and have y'all thought about adding the time and servings either above or below the post? just a thought! ok thanks for this one i think my hubby will be pleased! wont get to try this one till next week though because ive already spent my budget for this week and i dont have some of these ingredients! when i make it i'll be sure to take some pics posted on my blog and link back to this post! :)

  2. Hi!
    It doesn't have to be thighs - you can substitute breasts. Or tofu, if you prefer a vegetarian entree! Cooking time for the fry will be the same for either, as well as the instructions for soaking in soy sauce / sherry.

    And we agree - we're going to add cooking time / servings to this and all future entries.

    Thanks for writing, and definitely point us to the pictures when you make it!

  3. I'm a horrible cook, so I appreciate all the little details! Will definitely try with tofu... thank you guys. :)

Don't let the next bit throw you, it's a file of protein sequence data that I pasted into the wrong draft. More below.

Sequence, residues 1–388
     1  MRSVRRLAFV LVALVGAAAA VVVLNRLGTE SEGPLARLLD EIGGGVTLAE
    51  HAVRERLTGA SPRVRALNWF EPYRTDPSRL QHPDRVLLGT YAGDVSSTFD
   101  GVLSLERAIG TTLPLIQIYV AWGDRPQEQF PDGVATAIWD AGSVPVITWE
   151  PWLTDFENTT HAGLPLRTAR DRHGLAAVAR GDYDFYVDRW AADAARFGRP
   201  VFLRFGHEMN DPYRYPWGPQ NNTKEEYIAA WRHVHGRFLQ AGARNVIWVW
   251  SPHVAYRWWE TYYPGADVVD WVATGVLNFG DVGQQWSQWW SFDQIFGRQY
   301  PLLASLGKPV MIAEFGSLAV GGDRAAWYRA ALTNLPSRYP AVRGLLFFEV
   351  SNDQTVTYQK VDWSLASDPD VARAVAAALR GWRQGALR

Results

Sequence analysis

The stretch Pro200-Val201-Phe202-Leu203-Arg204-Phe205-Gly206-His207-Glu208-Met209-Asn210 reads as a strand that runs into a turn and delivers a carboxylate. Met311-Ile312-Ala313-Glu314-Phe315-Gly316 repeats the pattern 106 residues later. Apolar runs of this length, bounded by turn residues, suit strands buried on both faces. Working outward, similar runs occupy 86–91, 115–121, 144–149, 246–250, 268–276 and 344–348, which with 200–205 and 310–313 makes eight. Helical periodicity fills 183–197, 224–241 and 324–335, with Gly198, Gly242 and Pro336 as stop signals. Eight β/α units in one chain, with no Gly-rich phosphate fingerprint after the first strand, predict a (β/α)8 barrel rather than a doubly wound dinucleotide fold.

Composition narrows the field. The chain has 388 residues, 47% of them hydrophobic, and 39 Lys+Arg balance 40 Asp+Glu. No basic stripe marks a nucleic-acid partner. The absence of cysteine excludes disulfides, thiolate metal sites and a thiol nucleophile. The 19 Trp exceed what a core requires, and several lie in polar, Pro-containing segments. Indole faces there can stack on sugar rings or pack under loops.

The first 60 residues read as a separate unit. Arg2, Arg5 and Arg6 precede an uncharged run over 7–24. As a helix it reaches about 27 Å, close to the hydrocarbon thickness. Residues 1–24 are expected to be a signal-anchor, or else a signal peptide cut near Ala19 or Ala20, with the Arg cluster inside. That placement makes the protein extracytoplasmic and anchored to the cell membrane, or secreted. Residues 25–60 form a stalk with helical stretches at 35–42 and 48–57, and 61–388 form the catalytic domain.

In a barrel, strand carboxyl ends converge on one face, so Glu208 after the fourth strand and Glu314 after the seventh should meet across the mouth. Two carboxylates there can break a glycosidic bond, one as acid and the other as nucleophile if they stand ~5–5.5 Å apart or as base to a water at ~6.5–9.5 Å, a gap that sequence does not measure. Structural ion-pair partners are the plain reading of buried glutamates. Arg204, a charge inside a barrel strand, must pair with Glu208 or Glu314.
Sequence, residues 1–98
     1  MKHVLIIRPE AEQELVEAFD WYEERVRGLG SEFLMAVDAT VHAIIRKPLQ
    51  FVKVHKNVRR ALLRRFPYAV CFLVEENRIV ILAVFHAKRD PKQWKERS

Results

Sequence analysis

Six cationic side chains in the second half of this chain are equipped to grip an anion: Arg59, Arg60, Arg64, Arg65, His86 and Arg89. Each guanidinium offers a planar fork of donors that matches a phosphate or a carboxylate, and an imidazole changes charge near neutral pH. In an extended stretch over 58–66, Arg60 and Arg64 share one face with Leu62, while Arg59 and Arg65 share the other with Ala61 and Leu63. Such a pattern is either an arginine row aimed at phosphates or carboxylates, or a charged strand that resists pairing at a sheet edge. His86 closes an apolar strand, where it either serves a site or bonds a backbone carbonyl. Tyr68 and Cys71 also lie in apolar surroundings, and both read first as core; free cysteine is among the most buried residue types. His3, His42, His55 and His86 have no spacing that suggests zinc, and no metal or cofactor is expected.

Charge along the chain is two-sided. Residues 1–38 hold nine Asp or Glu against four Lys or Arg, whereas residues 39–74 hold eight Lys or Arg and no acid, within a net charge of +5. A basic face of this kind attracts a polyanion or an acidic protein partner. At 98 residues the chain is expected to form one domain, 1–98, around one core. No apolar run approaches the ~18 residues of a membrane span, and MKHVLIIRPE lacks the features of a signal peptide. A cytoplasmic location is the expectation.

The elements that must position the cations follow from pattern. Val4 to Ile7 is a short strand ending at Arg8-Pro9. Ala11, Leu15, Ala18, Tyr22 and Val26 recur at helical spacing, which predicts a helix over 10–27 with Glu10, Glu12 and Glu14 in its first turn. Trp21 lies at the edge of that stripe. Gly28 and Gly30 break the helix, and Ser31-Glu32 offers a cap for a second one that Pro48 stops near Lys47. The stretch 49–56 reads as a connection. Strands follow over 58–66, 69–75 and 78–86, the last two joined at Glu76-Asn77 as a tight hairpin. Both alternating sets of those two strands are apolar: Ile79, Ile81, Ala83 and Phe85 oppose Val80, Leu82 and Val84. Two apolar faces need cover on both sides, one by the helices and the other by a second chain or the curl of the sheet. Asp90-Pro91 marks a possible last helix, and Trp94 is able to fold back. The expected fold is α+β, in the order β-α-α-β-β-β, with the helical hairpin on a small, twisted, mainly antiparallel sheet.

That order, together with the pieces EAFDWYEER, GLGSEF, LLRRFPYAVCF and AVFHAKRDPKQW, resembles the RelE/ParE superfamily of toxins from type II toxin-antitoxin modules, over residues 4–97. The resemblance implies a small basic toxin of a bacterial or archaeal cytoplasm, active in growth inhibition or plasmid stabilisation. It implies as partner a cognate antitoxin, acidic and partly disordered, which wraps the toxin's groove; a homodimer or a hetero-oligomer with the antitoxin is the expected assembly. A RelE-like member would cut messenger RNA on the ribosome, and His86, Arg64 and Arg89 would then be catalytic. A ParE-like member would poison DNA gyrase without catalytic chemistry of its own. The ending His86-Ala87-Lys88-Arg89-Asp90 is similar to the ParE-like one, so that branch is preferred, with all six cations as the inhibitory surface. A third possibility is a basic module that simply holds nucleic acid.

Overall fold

4. One thing with the tofu: after you've marinated it, I suggest letting it drain on paper towels (press with another layer of paper towels to get rid of some of the extra moisture) for a few minutes.
    That way, you can fry it and get it crispy on all sides!

  5. cool ok that will help me thank you guys :)
    ps i told the hubby i was making this over the weekend and dude im telling you he got excited and was like REALLY? yeah i havent been cooking at all so hes way happy haha thank you guys for inspiring me to get back in the kitchen (my budget thanks you too since when i dont we tend too eat out way too often!)